I am always honored to be contacted by a member of the team at the Indianapolis Business Journal when they are putting an article together on the nonprofit sector because I believe that nonprofits typically receive more attention to bad news than to the amazing good that we do. This past weekend the IBJ did an extended article on an alternative or supplemental method of arts funding that many communities around the country have been using for years, a workplace giving and community campaign - think of it as a United Way™ for arts and culture. I was quoted as suggesting that something like this could be a possibility to help address the cutback in city funding for the arts while also raising visibility of our wide and varied arts community. Others were not so optimistic.
Since quotes rarely convey a perspective, I wanted to share my thoughts and would welcome your feedback.
I see it as an AND, not an OR, conversation. In order for Indianapolis to continue on its current track of becoming a world-class city, we will need to invest in arts and culture. That means finding both innovative and convenient ways to attract funds to both large and small arts and culture organizations. While looking to government or a tourism-related tax is one angle, it should not exclude other possibilities. Neither should looking to the Lilly Endowment for their next round of funding – it is hard to imagine our community without the commitment and investment of the Lilly Endowment, but they can’t be THE answer. The mention of a community effort like Fort Wayne Arts United or Cincinnati Fine Arts Fund is an opportunity to be open to new possibilities – especially since Plan A is losing $500K a year right now.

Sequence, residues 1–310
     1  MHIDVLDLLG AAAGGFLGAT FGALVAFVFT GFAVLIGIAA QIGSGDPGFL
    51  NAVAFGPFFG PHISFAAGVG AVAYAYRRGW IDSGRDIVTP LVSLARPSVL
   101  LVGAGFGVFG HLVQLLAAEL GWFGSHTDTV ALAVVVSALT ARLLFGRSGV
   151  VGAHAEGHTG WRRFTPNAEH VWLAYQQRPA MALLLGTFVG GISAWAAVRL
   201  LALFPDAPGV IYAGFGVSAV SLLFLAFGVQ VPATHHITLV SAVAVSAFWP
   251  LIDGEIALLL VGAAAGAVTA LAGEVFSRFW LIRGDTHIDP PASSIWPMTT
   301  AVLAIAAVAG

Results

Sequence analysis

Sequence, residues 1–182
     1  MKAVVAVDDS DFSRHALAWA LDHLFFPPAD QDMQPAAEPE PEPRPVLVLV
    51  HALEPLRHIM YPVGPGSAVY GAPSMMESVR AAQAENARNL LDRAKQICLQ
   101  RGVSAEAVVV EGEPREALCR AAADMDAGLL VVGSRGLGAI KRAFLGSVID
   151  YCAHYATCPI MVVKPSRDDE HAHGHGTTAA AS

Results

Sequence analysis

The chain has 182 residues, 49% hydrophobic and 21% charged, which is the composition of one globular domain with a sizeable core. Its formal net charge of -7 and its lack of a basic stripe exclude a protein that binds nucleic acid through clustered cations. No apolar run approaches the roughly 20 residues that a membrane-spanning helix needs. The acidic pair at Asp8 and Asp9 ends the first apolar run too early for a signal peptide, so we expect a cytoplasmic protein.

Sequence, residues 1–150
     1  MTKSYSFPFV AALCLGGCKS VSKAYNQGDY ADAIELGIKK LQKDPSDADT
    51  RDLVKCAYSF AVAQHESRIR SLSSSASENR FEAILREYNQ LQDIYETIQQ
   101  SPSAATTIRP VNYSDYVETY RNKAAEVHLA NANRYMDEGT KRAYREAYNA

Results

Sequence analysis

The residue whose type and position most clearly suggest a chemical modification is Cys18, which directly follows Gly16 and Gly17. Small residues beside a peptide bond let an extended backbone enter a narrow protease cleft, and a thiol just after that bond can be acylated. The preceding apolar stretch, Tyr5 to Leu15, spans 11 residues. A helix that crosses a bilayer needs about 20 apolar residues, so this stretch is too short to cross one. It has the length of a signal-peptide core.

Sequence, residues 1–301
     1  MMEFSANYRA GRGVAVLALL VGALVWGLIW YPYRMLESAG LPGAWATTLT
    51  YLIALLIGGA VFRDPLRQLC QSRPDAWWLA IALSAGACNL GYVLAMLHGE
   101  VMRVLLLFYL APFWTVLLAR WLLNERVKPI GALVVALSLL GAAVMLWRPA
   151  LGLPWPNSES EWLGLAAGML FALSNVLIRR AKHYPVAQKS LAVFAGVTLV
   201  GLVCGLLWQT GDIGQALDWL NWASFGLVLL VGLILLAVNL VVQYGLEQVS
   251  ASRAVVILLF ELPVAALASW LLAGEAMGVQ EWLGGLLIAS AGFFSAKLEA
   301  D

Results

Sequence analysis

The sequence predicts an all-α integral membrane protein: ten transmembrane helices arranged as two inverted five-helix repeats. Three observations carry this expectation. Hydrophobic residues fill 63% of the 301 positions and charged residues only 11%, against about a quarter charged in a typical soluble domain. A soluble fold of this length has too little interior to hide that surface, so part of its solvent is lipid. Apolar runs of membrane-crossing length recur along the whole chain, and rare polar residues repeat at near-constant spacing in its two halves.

Some key points:
We must lift up United Way – an unintended consequence of this type of effort could be competition for the average wage earner with United Way’s annual fall campaign – which should be on everyone’s priority list right now. I have been a donor, supporter, and advocate for United Way for more than 25 years. I have run workplace campaigns and served as a Loaned Executive. They do amazing work around issues that are so much more complex than most of the community realizes.
Maybe new could be different – I remember attending campaign meetings, filling out pledge cards, collecting pledge cards and mailing them in for processing. Today, the web and giving portals open new possibilities for what a campaign could look like and how it might be run. We also have three of the longest running community campaigns in cities that are within two hours of us – they might entertain opportunities to leverage the infrastructures they have built just as our United Way has set a great collaborative tone in sharing technology resources across many of the larger community campaigns.
Every giver is a philanthropist - We too often get caught up in the million dollar gifts and naming efforts as “real philanthropy”. The IBJ writer used the unfortunate terminology of “cubicle drone” to refer to the masses of citizens across our community who actively support our sector through their charitable giving, volunteering, attendance at events and performances, etc. While it is certainly more efficient, in the short-term, to derive funding for the arts from a few sources, United Way has successfully shown that engaging the hundreds of thousands of everyday philanthropists like you and me is where you really begin to make an impact.
Thanks for listening,